He did read the table correctly, however. Emir's answer is better, though. – Dave Jun 30 '14 at 13:11

http://www.d20pfsrd.com/magic

http://www.d20pfsrd.com/magic/spell-lists-and-domains/spell-lists---sorcerer-and-wizard

I've linked the magic rules (which covers stacking rules) and the list of spells for wizards (which includes the two spells, which are level 1 spells.

The core stacking rule suggests that two bonuses of the same type do NOT stack. Both Mage armour and Shield apply a flat bonus of +4 to AC, however one is an armour bonus, the other is a shield bonus. The Different Bonus types clarification suggests that if bonuses are of different types then they will stack.

A bit painful, but solid against anything that is non-boss.

Looking at the Magic Item Creation rules, based on the maths/tables provided, taking a purely technical look, RAW it is a legitimate item creation (based on a first time read through with my reading back and forth to double check and clarify my understanding).

According to the extra text, and the additional answers provided by other users, it is against the spirit of the game (or can be considered as such), and the guidelines explained by Emir state that comparison against existing magic items suggests this item would have a massively increased cost to account for the significant bonuses provided.

As a GM, you can rule that components cost more/supplied have dwindled to be lower than demand/the crafter is getting interrupted more than is regular, etc etc etc. This could increase item cost drastically, and/or make it more difficult/challenging.

Perhaps in your gameworld, an item of this type might require additional resources, possibly even requiring a suitably sized quest to acquire them.

Ultimately, whether this is legitimate or not is up to you as DM/GM of your game. Based on your own history of gaming as you've provided, you could decide this is acceptable, but throw extra challenges at your players to offset the strengths this item provides. Or you could go against your previous gaming decisions with this item, and ban or place additional blocks against its creation - perhaps in your universe/game a magical item can only have one spell bonus applied at a time?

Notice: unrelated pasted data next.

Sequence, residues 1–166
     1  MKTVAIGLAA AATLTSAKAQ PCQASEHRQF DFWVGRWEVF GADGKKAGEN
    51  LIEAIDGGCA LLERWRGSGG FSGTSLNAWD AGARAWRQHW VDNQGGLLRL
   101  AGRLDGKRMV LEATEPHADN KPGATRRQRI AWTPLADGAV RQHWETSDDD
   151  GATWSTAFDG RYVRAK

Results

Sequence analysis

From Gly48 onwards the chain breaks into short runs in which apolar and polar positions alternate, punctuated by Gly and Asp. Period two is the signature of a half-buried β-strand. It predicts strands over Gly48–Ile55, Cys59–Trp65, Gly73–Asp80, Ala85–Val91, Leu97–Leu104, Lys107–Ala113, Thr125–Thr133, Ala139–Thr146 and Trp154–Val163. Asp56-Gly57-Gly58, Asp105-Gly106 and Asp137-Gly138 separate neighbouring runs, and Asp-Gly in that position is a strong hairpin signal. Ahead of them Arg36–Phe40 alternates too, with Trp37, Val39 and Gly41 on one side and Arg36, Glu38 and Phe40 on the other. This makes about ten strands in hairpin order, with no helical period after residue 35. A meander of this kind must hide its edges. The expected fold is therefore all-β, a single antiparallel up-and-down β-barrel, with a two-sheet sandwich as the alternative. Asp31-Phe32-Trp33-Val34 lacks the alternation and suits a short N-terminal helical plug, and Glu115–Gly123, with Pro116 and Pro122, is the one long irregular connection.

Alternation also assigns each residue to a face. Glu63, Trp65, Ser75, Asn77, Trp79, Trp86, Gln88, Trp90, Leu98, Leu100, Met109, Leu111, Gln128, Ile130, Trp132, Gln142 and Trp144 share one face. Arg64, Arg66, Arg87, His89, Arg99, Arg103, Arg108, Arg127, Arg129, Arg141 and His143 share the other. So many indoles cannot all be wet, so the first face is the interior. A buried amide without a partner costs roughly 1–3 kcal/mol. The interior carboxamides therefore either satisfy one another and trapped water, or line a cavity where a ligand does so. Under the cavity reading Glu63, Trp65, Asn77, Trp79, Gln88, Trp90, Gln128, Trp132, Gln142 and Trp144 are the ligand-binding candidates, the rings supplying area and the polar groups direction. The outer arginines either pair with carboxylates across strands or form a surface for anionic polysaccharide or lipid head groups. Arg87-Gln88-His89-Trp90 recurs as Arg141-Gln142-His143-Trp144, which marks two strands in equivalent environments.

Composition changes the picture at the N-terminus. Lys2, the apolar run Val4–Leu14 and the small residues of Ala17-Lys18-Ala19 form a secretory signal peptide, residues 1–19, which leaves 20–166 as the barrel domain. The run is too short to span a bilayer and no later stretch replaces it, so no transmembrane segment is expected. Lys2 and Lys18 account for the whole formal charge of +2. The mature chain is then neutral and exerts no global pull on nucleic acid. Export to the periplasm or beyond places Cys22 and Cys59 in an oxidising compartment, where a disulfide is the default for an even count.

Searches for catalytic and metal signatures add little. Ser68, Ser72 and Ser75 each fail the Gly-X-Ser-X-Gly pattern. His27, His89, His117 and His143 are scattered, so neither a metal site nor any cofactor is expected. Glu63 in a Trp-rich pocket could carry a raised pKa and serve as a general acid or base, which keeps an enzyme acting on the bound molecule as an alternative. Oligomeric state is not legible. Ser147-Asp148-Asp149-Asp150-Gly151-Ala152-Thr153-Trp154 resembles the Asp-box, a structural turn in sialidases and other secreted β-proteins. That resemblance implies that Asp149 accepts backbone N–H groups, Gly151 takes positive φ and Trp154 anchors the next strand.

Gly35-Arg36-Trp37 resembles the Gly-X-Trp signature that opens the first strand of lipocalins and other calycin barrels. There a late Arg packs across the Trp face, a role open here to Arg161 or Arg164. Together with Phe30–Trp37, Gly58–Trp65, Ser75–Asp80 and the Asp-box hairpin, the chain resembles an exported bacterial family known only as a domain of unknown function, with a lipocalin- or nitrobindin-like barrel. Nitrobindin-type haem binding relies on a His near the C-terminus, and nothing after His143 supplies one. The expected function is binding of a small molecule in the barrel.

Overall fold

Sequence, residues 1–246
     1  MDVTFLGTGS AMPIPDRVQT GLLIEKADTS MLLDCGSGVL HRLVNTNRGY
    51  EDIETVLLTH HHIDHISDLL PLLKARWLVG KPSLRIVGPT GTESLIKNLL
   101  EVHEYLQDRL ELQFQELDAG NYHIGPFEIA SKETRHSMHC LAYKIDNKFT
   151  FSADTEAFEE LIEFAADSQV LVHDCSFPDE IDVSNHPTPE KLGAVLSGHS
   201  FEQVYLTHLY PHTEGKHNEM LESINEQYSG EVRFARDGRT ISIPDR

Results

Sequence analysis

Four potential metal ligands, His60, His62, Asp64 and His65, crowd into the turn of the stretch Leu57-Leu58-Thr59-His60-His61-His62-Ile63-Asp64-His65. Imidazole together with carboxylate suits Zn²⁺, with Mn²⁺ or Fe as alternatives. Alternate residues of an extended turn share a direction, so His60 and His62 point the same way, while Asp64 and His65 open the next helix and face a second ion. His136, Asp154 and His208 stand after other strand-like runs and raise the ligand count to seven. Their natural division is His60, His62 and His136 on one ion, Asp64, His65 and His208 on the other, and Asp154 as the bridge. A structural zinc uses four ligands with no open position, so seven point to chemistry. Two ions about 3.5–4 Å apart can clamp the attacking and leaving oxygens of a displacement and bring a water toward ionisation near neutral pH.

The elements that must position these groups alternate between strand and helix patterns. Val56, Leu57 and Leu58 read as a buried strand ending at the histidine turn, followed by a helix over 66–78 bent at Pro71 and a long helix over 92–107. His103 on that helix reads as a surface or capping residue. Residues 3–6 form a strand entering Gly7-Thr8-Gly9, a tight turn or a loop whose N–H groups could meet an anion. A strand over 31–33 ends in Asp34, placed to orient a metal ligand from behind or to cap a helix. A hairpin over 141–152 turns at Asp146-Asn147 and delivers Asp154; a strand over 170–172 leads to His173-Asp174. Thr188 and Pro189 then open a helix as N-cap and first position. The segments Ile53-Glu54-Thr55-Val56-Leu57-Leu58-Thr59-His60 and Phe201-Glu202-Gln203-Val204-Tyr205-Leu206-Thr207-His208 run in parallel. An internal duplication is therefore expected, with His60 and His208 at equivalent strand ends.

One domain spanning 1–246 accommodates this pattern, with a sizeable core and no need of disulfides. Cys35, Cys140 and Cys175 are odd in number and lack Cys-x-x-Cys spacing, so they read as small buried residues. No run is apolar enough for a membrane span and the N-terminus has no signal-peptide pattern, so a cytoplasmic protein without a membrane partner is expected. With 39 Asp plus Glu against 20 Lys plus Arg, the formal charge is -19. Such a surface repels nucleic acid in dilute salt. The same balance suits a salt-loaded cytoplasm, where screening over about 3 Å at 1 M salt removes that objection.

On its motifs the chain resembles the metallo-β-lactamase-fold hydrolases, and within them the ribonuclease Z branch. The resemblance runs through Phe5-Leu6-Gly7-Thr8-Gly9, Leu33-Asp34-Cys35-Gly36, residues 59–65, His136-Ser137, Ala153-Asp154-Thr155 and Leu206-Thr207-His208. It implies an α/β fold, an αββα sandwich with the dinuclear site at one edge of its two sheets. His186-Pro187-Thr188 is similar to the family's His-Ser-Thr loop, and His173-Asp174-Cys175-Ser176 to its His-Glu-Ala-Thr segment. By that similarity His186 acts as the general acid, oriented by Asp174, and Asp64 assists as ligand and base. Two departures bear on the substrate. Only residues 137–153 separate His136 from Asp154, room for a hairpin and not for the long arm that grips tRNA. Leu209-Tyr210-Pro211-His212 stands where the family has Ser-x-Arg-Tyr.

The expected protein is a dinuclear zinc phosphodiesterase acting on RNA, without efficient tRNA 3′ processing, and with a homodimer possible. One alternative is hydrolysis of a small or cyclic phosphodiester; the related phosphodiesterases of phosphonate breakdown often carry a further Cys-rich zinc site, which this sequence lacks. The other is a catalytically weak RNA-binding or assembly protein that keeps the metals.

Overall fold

The core focus should be "is it fun?". If yes, and you can provide suitable and enjoyable challenges to offset the difference, then go for it. If no, then ban the item in the interests of game enjoyment for your players.

After all, if people aren't having fun, then why are you playing the game?

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It's more so that someone can create such an item at such a low cost, when a bracer of armor or ring of protection of comparable potency is worth 64,000 gp or 128,000 gp. I understand the stacking rules to allow Shield and Mage Armor to stack, that is not the issue. The potential issue lies in the ability to create such an item. Is the item's creation legitimate? – Axoren Jun 30 '14 at 8:03
Shield gives you a "+4 shield bonus to AC", and Mage Armor gives you a "+4 armor bonus to AC", emphasis added. The bonus types here are 'shield' and 'armor', not AC - AC's just what the bonus gets applied to. There's nothing fuzzy about this - they're different bonus types. – doppelgreener Jun 30 '14 at 8:04
@mcjomar - Do those same GMs say that a fighter's shield won't stack with their armor? – Bobson Jun 30 '14 at 12:44
@mcjomar It would be good if you updated your answer with more correct info. This is not "broken" in any way, and considering those spells different bonus types is they way they are supposed to work. Also, a example from the book already invalidates that this is the "RAW way" to create a magic item witch gives such bonuses. Read Emir's answer. – Thales Sarczuk Jun 30 '14 at 12:52
@Bobson - Thanks for this, I'll use this point the next chance I get to discuss it with the two GMs in question, in addition to Jonathan Hobbs earlier point regarding bonus types. – mcjomar Jun 30 '14 at 14:24